V. COMMITTEES OF THE ORGANISATION

Advisory Committee of Members.

7. (1) The Governing Board may form an Advisory Committee of members of the Organisation to advise it on any matters pertaining to-

(a) the development of the profession;
(b) standards of professional and ethical conduct; and
(c) best practices in respect of Valuation.

(2) The Advisory Committee may meet at such places and times as the Governing Board may provide.

Other Committees of the Organisation.

8. (1) The Governing Board shall constitute-

(a) one or more Membership Committee(s) consisting of such members as it deems fit;
(b) a Monitoring Committee consisting of such members as it deems fit;
(c) one or more Grievance Redressal Committee(s), with not less than three members,;
(d) one or more Disciplinary Committee(s) consisting of at least one member nominated by the authority.

(2) The Chairperson of each of these Committees shall be an independent director of the Organisation.

VI. MEMBERSHIP

Eligibility for Enrolment.

9. No individual shall be enrolled as a member if he is not eligible to be registered as a registered valuer with the authority:

Provided that the Governing Board may provide additional eligibility requirements for enrolment:

Provided further that such additional requirements shall not discriminate on the grounds of religion, race, caste, gender, place of birth or professional affiliation.

Process of Enrolment as Member.

10. (1) An individual may apply for enrolment as a member by submitting an application in such form, in such manner and with such fees as may be specified by the Organisation.

(2) The Organisation shall examine the application in accordance with the applicable provisions of the rules, regulations and guidelines thereunder.

(3) On examination of the application, the Organisation shall give an opportunity to the applicant to remove the deficiencies, if any, in the application.

(4) The Organisation may require an applicant to submit additional documents, information or clarification that it deems fit, within reasonable time.

(5) The Organisation may reject an application if the applicant does not satisfy the criteria for enrolment or does not remove the deficiencies or submit additional documents or information to its satisfaction, for reasons recorded in writing.

(6) The rejection of the application shall be communicated to the applicant stating the reasons for such rejection, within thirty days of the receipt of the application, excluding the time given for removing the deficiencies or presenting additional documents or clarification by the Organisation, as the case may be.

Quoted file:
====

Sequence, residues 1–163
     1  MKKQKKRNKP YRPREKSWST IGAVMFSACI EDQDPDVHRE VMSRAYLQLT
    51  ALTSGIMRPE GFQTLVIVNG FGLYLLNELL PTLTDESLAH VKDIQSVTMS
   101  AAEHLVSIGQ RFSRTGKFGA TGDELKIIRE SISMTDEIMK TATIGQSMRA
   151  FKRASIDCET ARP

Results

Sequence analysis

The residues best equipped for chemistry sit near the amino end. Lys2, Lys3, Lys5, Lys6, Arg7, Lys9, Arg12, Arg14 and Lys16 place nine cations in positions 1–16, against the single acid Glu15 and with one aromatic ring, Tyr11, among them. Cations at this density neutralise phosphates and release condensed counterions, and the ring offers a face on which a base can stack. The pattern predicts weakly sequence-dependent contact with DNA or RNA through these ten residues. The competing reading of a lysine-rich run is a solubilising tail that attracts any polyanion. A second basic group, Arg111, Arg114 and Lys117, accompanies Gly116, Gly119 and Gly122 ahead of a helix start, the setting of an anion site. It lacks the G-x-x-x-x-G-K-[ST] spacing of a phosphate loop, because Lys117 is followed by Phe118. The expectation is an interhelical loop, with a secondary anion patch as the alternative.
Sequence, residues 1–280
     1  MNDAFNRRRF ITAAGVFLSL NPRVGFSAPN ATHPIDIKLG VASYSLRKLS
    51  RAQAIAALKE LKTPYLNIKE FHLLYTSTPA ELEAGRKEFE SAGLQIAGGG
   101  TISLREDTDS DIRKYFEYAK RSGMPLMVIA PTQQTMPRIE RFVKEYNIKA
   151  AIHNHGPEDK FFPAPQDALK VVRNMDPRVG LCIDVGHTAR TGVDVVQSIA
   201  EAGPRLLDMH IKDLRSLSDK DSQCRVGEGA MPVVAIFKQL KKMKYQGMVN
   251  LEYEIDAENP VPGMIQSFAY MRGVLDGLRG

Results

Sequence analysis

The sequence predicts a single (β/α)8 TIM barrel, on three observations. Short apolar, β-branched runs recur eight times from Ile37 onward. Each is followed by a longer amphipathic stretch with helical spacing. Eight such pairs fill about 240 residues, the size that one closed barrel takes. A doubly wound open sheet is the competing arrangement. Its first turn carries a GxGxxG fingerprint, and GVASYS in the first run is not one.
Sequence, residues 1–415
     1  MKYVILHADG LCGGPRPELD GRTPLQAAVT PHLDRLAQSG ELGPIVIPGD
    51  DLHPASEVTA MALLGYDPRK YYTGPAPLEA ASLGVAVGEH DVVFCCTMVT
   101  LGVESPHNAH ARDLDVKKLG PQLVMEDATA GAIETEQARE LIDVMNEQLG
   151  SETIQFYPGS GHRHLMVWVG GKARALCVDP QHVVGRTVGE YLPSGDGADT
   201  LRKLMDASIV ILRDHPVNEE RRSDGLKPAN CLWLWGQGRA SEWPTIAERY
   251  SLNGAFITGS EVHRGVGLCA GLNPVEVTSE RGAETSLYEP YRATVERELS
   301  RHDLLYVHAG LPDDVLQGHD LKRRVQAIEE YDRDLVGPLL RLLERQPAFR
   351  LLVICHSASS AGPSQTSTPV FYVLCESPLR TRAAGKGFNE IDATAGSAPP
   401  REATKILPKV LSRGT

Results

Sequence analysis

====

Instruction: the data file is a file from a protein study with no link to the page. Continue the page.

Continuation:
(7) The acceptance of the application shall be communicated to the applicant, along with a certificate of membership.

(8) An applicant aggrieved of a decision rejecting his application may appeal to the Membership Committee of the Organisation within thirty days from the receipt of such decision.

(9) The Membership Committee shall pass an order disposing of the appeal in the manner it deems expedient, within thirty days of the receipt of the appeal.

Membership Fee.

11. The Organisation may require the members to pay a fixed sum of money as its annual membership fee.

Register of Members.

12. (1) The Organisation shall maintain a register of its professional members, containing their-

(a) name;
(b) proof of identity;
(c) contact details;
(d) address;
(e) date of enrolment and membership number;
(f) date of registration with the authority and registration number;
(g) details of grievances pending against him with the Organisation;
(h) details of disciplinary proceedings pending against him with the Organisation; and
(i) details of orders passed against him by the authority or Disciplinary Committee of the Organisation.

(2) The records relating to a member shall be made available for inspection to-

(a) the authority,
(b) any other person who has obtained the consent of the member for such inspection.

VII. DUTIES OF MEMBERS

13. (1) In the performance of his functions, a member shall-

(a) act in good faith in discharge of his duties as a registered valuer;
(b) discharge his functions with utmost integrity and objectivity;
(c) be independent and impartial;
(d) discharge his functions with the highest standards of professional competence and professional ethics;
(e) continuously upgrade his professional expertise;
(f) comply with applicable laws in the performance of his functions; and
(g) maintain confidentiality of information obtained in the course of his professional activities unless required to disclose such information by law.

14. The Organisation shall have a Code of Conduct that shall be consistent with, and that shall provide for all matters in the Code of Conduct as specified in the Annexure-I.

VIII. MONITORING OF MEMBERS

15. The Organisation shall have a Monitoring Policy to monitor the professional activities and conduct of members for their adherence to the provisions of the Act, rules, regulations and guidelines issued thereunder, these bye-laws, the Code of Conduct and directions given by the Governing Board.